Google CEO Larry Page
Google CEO Larry Page. Reuters

Google's share price fell 10 percent following disappointing results in the fourth quarter that saw the search giant miss its revenue target for the first time in eight quarters.

It was the first time Google has fallen short of Wall Street targets since Larry Page became CEO in April 2011, as he announced to investors on January 19 that fourth quarter revenue of $8.13b (£5.25b) fell short of the $8.41b estimate.

Having closed in New York at $639.57, Google's share price tumbled to $573 in after-hours trading.

Despite the number of clicks on adverts in search results increasing dramatically in the fourth quarter of 2011, the money Google charges advertisers for the ads decreased by eight percent over the three months.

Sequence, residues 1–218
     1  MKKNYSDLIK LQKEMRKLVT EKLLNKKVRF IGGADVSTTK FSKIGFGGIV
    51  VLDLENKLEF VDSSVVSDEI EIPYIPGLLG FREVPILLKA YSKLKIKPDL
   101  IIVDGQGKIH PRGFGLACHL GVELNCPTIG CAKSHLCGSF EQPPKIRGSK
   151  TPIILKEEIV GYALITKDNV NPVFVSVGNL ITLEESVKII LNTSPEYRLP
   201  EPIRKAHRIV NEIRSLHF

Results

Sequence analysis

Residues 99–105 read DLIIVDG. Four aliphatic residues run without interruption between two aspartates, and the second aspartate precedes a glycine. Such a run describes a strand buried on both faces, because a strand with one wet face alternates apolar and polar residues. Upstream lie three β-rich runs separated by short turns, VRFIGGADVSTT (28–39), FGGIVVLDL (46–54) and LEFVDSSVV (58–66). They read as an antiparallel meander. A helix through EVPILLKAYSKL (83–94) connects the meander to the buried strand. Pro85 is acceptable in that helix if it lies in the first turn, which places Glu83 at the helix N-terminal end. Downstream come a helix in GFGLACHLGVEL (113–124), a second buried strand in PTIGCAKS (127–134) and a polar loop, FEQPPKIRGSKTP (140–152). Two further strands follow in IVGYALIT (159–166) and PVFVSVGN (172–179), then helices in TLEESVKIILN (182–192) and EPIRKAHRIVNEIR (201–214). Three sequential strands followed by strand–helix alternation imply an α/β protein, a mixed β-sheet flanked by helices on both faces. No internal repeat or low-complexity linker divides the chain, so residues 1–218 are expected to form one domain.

City A.M. reports that Google "executives told investors on a conference call that foreign exchange movements were also to blame for the earnings miss."

Earnings per share for the quarter were $9.50, some way short of the $10.49 per share that analysts were expecting.

The news came on the same day that Google was named the best place to work in America by Fortune magazine.

But the news wasn't all bad, as the company reported that revenues for the year were up 29 percent and fourth quarter revenue - despite being down on expectations - was up 25 percent on the fourth quarter of 2010.

Page said: "Google had a really strong quarter ending a great year. Full year revenue was up 29 percent, and our quarterly revenue blew past the $10b mark for the first time.

"I am super excited about the growth of Android, Gmail, and Google+, which now has 90 [million] users globally - well over double what I announced just three months ago."

Although not mentioning Google's recent $12.5b acquisition of Motorola, Page said: "I'm very excited about what we can do in 2012 - there are tremendous opportunities to help users and grow our business."